Cats in the Wild. See 31 Species in NATURE Miniseries

October 10, 2018

Super Cats, A Nature Miniseries airs on PBS Wednesdays, October 24 – November 7, 8 p.m.

Stalking in the shadows, prowling almost every continent, cats are among the world’s most diverse and successful predators. But there is far more to these charismatic and misunderstood animals than most people realize. Super Cats, A Nature Miniseries, premiering this month on THIRTEEN, uncovers the secret lives of big cats, revealing how they survive and thrive in all four corners of the globe — from the solitary bachelor snow leopard in the Himalayas, to the elusive swamp tiger of South Asia, and many more.

The groundbreaking three-part miniseries, narrated by actor F. Murray Abraham, kicks off Nature’s 37th anniversary season.

Filmed over 600 days in 14 countries and featuring 31 species of cat, Super Cats, A Nature Miniseries introduces behaviors captured on film for the first time, offering a fascinating look at their social sides, complex communication, devoted parental care, courtship rituals, and hunting patterns.

Advances in technology allowed for several on-camera firsts, including the nocturnal pursuits of a tiny but deadly black-footed cat in South Africa who hunts more in one night than a leopard does in six months. Remote cameras capture intimate moments between a mother Pallas’s cat and her kittens. Low-light technology exposes a true rarity: a puma preying on Magellanic penguins, one of the few successful hunts ever caught on film. A swamp tiger takes a bath in the sea — a phenomena previously unseen on television.

“Many of the cats filmed for this series are brand new to the Nature audience,” said Nature executive producer Fred Kaufman. “The lengths these filmmakers went to get never-before-seen footage of some of the world’s most elusive creatures makes this a truly exciting start to our 37th season.”

Extreme Lives

Wednesday, October 24, 8 p.m.

In Extreme Lives we meet the planet’s ultimate cats. Cheetahs are renowned as the fastest animal on land, but the latest scientific research suggests that speed isn’t even their greatest weapon. In Sri Lanka, a tiny rusty spotted cat explores his forest home. A male snow leopard, perhaps the world’s most lonesome cat, searches for a mate in the Himalayas. The Canada lynx lives farther north than any cat, relying on snowshoe hares to survive the bitterly cold winters. An African leopard mother fights to raise her cub in the worst drought in decades. In Tanzania, lions form super prides in order to hunt giant prey.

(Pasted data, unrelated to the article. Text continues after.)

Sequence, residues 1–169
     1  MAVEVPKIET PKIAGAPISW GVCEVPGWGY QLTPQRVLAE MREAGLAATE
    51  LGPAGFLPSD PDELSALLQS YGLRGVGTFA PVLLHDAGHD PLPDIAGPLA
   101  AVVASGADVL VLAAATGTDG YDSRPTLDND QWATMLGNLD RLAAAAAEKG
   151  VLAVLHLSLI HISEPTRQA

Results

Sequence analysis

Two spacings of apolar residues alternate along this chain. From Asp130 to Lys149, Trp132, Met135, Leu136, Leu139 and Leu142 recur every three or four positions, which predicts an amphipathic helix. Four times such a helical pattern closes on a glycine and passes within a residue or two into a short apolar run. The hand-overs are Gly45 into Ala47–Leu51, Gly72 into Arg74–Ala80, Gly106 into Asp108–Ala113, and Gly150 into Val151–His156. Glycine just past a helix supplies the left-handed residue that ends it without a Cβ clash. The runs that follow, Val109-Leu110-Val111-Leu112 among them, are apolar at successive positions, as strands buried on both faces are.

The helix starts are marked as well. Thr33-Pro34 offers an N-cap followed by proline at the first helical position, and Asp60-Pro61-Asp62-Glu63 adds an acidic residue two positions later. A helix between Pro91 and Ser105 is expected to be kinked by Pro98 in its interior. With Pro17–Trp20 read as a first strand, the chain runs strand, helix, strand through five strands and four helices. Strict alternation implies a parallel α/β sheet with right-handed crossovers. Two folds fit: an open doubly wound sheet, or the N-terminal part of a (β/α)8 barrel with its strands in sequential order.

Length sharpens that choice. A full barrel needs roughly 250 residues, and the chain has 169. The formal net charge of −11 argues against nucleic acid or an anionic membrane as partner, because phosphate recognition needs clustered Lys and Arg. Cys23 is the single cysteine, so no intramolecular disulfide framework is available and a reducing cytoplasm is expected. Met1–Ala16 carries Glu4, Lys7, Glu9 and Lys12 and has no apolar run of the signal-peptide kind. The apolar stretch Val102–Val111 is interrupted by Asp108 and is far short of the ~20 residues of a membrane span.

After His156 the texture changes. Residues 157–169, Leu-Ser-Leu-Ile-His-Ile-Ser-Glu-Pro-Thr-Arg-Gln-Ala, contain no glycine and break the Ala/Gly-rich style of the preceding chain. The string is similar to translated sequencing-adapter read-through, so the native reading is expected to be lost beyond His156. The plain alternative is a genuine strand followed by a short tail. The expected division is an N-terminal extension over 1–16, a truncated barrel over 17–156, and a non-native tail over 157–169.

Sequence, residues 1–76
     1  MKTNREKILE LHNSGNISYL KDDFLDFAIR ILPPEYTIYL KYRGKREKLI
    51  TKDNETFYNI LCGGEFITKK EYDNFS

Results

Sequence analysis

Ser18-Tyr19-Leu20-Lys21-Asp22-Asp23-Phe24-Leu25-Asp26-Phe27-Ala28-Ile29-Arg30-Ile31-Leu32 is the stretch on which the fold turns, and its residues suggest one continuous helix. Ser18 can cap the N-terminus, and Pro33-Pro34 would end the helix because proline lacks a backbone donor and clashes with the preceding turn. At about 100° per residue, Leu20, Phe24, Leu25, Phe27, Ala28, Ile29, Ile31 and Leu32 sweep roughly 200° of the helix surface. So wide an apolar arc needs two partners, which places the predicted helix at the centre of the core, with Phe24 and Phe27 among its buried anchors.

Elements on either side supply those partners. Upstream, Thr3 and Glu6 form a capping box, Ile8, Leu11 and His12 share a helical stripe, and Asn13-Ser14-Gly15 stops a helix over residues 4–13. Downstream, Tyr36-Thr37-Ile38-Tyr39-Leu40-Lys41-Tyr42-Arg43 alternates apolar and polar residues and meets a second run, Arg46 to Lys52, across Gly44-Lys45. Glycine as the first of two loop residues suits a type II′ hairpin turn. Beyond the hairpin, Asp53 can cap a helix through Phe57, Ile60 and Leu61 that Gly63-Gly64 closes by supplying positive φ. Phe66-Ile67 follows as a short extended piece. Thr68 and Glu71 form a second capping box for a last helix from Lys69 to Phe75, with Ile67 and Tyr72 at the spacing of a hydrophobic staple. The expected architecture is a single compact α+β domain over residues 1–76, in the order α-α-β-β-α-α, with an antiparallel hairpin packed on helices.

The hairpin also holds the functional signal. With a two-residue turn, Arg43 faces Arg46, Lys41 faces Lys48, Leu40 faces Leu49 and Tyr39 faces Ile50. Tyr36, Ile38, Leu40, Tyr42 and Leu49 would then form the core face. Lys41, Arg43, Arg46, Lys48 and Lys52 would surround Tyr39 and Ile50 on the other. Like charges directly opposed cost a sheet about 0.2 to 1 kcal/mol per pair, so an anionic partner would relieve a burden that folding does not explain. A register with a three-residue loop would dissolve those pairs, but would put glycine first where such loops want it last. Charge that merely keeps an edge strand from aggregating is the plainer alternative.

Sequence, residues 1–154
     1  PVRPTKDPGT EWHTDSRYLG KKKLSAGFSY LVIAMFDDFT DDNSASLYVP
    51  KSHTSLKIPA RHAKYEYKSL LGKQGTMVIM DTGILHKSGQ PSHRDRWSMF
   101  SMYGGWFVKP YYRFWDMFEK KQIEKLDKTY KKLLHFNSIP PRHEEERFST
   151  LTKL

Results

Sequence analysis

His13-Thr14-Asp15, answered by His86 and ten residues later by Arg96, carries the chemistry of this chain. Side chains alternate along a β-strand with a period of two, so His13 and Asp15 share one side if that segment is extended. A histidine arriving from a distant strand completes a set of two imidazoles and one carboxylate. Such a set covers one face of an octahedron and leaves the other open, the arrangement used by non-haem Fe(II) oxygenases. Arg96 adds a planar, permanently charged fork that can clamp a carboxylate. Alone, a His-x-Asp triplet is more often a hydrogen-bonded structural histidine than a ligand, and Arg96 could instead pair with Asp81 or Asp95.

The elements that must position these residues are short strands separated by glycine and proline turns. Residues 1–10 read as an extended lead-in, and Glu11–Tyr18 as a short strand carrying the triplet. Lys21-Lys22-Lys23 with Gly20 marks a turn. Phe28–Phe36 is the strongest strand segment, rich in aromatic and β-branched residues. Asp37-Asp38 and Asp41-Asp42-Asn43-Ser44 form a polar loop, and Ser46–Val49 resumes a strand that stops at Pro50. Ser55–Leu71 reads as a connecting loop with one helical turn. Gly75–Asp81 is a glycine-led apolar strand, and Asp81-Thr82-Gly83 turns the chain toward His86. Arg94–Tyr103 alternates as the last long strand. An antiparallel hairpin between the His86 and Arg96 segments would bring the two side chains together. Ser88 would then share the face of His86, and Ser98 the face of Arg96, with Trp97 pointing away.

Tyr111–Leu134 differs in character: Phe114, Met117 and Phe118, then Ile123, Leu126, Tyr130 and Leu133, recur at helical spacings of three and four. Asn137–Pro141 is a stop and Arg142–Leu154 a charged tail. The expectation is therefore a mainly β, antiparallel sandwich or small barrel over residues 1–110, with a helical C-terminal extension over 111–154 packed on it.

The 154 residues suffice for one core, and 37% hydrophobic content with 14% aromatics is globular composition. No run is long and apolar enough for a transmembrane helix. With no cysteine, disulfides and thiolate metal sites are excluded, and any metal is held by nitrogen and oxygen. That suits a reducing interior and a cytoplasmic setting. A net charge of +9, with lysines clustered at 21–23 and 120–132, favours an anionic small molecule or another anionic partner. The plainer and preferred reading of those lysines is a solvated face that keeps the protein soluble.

Anna Place, who directed the Nature miniseries, described the exhilarating challenge of filming a snow leopard in the Himalayas. “Everything about the shoot was daunting. Getting to the location was terrifying, hiking day after day at such altitude was grueling, and we were attempting to film a near mythical cat,” she said. “But seeing the snow leopard for the first time — the cat turning to look directly at us — was heart stopping. It was the most incredible experience of my entire life.”

A snow leopard (Panthera uncia), Indian Himalayas. The world’s highest living cat.

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Cats in Every Corner

Wednesday October 31, 8 p.m.

In part two of the miniseries, Cats in Every Corner, discover how cats have conquered the world, thriving in almost every landscape on Earth. In the wetlands of Asia, fishing cats with partially webbed feet have adapted to an aquatic lifestyle. In the world’s oldest desert, Africa’s youngest lion pride survives against the odds. A military-grade thermal camera in Costa Rica peers into the dark to find a pregnant jaguar waiting for turtles on a tropical beach. High in the forest of Central America, a female margay leaps from tree to tree, slow-motion footage revealing her acrobatic skills. In California, a bobcat, blind in one eye, seizes an opportunity to hunt gulls on a secluded beach. At low tide in the Sundarbans of India and Bangladesh, a rarely seen swamp tiger emerges from the mangrove forest to patrol his shorelines. Then there’s Africa’s black-footed cat, the smallest and deadliest of all.

Fishing cats (Prionailurus viverrinus) hunting for fish, Bangladesh.

Fishing cats (Prionailurus viverrinus) hunting for fish, Bangladesh.

Science and Secrets

Wednesday, November 7, 8 p.m.

Scientists are studying cats in greater detail than ever before. The final episode, Science and Secrets, showcases their groundbreaking work. New approaches and technologies help uncover some of the cats’ most intimate secrets, including the cheetah’s remarkable gymnastic abilities and why lions are able to hunt so cooperatively. Conservationists are fighting to protect the most endangered species around the globe, such as the Iberian lynx, once considered the rarest cat on the planet.

Super Cats, A Nature Miniseries will be available to stream the following day online and the THIRTEEN Explore app. Visit the Nature website to stream additional episodes, enjoy filmmaker interviews, teacher’s guides, and more. Join the conversation about Super Cats and connect with other Nature fans on Facebook and Twitter (@PBSNature) using the hashtag #SuperCatsPBS.